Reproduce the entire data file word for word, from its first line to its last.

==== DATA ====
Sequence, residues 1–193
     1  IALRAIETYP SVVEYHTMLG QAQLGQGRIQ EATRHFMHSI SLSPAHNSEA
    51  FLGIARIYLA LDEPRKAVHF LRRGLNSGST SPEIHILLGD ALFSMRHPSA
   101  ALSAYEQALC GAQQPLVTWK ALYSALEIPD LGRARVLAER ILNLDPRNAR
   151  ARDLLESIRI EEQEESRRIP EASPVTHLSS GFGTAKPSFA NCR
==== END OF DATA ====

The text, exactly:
Sequence, residues 1–193
     1  IALRAIETYP SVVEYHTMLG QAQLGQGRIQ EATRHFMHSI SLSPAHNSEA
    51  FLGIARIYLA LDEPRKAVHF LRRGLNSGST SPEIHILLGD ALFSMRHPSA
   101  ALSAYEQALC GAQQPLVTWK ALYSALEIPD LGRARVLAER ILNLDPRNAR
   151  ARDLLESIRI EEQEESRRIP EASPVTHLSS GFGTAKPSFA NCR